“If the federal government will not have sweeping laws to protect us, then our states and our governors have a moral responsibility to do what we can and have laws that protect our citizens because of what is going on – the insanity of the gun culture that has now possessed everyone all the way up to even to the Supreme Court,” Hochul said.
End to Century-Old Restrictions
The “sensitive locations” issue emerged when the case was argued before the court last fall. Several of the justices, including Amy Coney Barrett, Elena Kagan and Chief Justice John Roberts, brought up the possibility of allowing gun-free zones in particularly vulnerable areas.
The lawsuit, New York State Rifle and Pistol Association v. Bruen, was filed on behalf of two gun owners from a rural area in upstate New York, Robert Nash and Brandon Koch, who said their constitutional rights were violated when they were denied permits they requested to carry a handgun for “self defense.” Nash, for one, cited a series of recent robberies in his neighborhood and said he had been trained in the use of handguns.
Most states impose little to nothing in the way of restrictions on carry permits. New York’s laws, on the books since 1911, gave local law enforcement much leeway in determining who is eligible, requiring that applicants show that they are “of good moral character” and “have a legally recognized reason for wanting to possess or carry a firearm.”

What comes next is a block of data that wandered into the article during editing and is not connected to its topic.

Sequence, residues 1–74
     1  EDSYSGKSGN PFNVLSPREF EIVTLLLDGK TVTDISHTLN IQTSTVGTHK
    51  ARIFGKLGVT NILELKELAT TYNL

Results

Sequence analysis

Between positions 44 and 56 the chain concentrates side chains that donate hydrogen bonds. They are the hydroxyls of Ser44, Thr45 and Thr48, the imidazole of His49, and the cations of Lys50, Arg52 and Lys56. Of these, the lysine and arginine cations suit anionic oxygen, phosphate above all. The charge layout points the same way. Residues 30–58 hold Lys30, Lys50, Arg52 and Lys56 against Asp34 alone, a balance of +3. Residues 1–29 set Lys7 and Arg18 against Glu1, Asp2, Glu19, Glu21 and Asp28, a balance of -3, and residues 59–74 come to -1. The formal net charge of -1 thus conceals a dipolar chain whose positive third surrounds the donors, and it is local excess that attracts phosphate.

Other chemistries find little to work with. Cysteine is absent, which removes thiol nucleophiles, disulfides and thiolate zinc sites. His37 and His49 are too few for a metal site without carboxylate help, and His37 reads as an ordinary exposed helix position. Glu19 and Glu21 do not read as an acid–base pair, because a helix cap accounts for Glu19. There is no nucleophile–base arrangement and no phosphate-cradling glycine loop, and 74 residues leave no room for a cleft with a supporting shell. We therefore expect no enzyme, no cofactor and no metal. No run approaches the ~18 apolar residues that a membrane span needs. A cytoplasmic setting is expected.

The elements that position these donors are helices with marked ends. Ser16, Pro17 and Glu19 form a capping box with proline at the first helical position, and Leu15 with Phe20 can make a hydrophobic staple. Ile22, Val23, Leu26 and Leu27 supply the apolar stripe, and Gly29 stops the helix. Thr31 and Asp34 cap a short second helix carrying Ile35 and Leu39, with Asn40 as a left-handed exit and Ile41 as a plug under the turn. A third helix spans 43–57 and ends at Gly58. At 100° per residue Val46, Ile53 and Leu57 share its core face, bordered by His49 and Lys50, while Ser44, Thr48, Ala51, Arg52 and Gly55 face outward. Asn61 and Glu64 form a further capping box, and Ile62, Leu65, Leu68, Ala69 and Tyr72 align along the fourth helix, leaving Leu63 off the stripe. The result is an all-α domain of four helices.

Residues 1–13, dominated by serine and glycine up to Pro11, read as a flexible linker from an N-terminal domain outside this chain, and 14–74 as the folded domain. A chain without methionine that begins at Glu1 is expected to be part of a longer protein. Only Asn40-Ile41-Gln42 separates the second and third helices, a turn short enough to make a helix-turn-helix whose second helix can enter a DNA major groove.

The Supreme Court has overturned the New York State gun law that that restricts who can carry a firearm in public in a 6-3 decision
Applicants specifically had been required to show “proper cause,” which could include providing substantive evidence that they faced a real and active threat to their safety.
In addition to New York, seven other “proper cause” states — California, Delaware, Hawaii, Maryland, Massachusetts, New Jersey and Rhode Island — have some form of qualification on who is eligible to carry a handgun in public, encompassing some 83 million Americans.
Several of these states are home to major American cities, including New York City (population 8.2 million), Los Angeles (pop. 4 million), Boston (pop. 689,000) and Baltimore (pop. 602,000) . The two plaintiffs, Nash and Koch, are from Rensselaer County, population 159,000.
Gun control advocates fear the court’s new ruling will lead to more people walking crowded city streets and entering the public transit systems of those cities with loaded firearms. They note the potential for disaster with multiple permitted handguns floating around New York City’s subways, in Times Square on New Year’s Eve, or during the Boston Marathon.
All eight states with such restrictions have low rates of gun violence, according to an analysis by Everytown for Gun Safety, the gun control non-profit funded by former New York City Mayor Michael Bloomberg.
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Thursday’s Supreme Court decision on New York’s concealed carry law could leave other gun laws open to challenges – if opponents can prove the laws are not rooted in historical precedent and the Second Amendment. Caroline Mala Corbin, law professor at University of Miami, joins LX News to explain.